In Jim Holt's lively, bestselling book, Why Does The World Exist?, the author informs us the very phrase, Big Bang, was coined by a cosmologist, Sir Fred Hoyle, who disagreed with the conception of a universe-creating explosion.
While the "why" part may elude us, perhaps forever, the Large Hadron Collider has over the last six weeks already supplied us with two important pieces of information about the "where" and the "how." Physicists tell us that this is just the beginning.
There are at least two crucial circumstances in which we absolutely need a theory in which general relativity and quantum mechanics are compatible. One is the case of the objects we call black holes, and the second is the Big Bang.
Just as there is a background sound permeating all the universe as a result of the initial instant of the big bang, we can say similarly that there is a spiritual background voice in the world resulting from the giving of the Torah at Sinai.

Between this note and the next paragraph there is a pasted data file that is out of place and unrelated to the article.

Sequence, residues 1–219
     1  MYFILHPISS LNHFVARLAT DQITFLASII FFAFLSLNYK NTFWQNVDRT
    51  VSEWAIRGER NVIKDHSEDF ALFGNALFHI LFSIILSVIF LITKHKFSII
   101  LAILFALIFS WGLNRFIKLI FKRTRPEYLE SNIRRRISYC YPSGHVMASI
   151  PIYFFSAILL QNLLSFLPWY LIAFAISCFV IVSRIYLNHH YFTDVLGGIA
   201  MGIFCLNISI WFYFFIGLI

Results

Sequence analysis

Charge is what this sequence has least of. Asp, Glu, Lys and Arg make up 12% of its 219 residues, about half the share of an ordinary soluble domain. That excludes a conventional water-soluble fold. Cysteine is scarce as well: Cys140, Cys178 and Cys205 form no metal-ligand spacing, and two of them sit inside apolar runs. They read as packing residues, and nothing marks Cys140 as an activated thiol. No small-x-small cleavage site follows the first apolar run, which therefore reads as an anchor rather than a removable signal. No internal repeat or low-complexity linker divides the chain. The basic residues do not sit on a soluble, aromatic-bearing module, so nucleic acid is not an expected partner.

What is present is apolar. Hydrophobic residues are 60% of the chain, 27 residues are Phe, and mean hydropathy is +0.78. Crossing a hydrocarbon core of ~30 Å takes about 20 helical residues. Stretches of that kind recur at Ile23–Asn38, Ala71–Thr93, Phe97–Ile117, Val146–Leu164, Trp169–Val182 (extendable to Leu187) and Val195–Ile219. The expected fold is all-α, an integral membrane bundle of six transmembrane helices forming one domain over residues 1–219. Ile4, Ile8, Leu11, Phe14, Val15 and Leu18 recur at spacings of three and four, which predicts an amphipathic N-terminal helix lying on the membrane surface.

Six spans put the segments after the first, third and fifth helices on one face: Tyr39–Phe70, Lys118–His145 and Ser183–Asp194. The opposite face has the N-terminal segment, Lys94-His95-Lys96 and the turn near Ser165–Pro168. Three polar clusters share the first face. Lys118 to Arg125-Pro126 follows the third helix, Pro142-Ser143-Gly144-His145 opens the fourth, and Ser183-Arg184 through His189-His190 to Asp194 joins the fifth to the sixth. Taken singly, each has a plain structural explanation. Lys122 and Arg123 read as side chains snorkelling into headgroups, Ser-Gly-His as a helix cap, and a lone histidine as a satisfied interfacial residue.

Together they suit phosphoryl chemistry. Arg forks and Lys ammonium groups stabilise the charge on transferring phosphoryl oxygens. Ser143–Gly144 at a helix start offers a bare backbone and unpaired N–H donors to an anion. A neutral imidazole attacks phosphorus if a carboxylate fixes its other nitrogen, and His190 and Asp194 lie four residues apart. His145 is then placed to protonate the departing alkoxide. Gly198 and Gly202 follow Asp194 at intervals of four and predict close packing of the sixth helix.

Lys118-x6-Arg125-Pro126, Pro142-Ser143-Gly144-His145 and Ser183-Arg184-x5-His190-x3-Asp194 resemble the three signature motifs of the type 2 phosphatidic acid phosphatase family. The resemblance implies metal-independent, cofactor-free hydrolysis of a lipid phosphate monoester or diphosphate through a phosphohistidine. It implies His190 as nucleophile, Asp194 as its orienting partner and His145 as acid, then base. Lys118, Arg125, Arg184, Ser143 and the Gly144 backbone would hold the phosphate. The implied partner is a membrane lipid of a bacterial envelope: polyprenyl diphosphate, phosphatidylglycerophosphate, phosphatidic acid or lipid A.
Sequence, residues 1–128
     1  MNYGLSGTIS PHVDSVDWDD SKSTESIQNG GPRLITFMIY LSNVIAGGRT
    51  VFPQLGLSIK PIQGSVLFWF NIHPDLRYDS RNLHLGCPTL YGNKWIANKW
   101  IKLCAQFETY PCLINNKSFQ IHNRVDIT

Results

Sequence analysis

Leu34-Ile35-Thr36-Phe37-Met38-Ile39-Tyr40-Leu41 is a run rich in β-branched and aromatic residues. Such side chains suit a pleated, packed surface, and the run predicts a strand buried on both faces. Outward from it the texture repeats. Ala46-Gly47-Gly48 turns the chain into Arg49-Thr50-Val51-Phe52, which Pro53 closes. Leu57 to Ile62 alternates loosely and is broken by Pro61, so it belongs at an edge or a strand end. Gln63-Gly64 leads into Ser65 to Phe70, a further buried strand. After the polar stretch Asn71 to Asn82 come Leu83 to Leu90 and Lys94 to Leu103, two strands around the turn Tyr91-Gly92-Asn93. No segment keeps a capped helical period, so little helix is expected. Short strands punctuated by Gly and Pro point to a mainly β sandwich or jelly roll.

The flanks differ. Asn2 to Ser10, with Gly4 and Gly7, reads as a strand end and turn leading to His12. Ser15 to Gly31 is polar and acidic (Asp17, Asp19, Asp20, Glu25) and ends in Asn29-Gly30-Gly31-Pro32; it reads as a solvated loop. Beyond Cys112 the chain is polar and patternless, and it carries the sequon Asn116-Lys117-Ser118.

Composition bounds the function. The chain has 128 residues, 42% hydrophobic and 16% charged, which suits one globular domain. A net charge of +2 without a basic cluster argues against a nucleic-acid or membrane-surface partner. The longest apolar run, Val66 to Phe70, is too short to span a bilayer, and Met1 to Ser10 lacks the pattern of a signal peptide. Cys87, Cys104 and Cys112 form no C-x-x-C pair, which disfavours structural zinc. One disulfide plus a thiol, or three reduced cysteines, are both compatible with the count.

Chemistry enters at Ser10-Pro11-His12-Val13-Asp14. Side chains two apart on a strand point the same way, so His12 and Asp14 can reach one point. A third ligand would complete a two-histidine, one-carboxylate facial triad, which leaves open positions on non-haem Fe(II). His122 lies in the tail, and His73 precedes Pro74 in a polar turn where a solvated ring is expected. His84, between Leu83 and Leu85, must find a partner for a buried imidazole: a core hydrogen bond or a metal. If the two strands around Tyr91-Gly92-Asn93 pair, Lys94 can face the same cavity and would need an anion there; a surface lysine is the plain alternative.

A few months ago, I welcomed James into the world. My grandson joined our cosmic journey on January 25. Several weeks ago, my son and his wife presented baby James to family and friends for a spiritual baptism. Below is the prayer I offered as part of the welcome celebration.
Everyone knows that something is screwy with the way we visualize the cosmos. The failure of science to address the deep and basic questions of life plays a large role in why people continue to turn to religion for answers.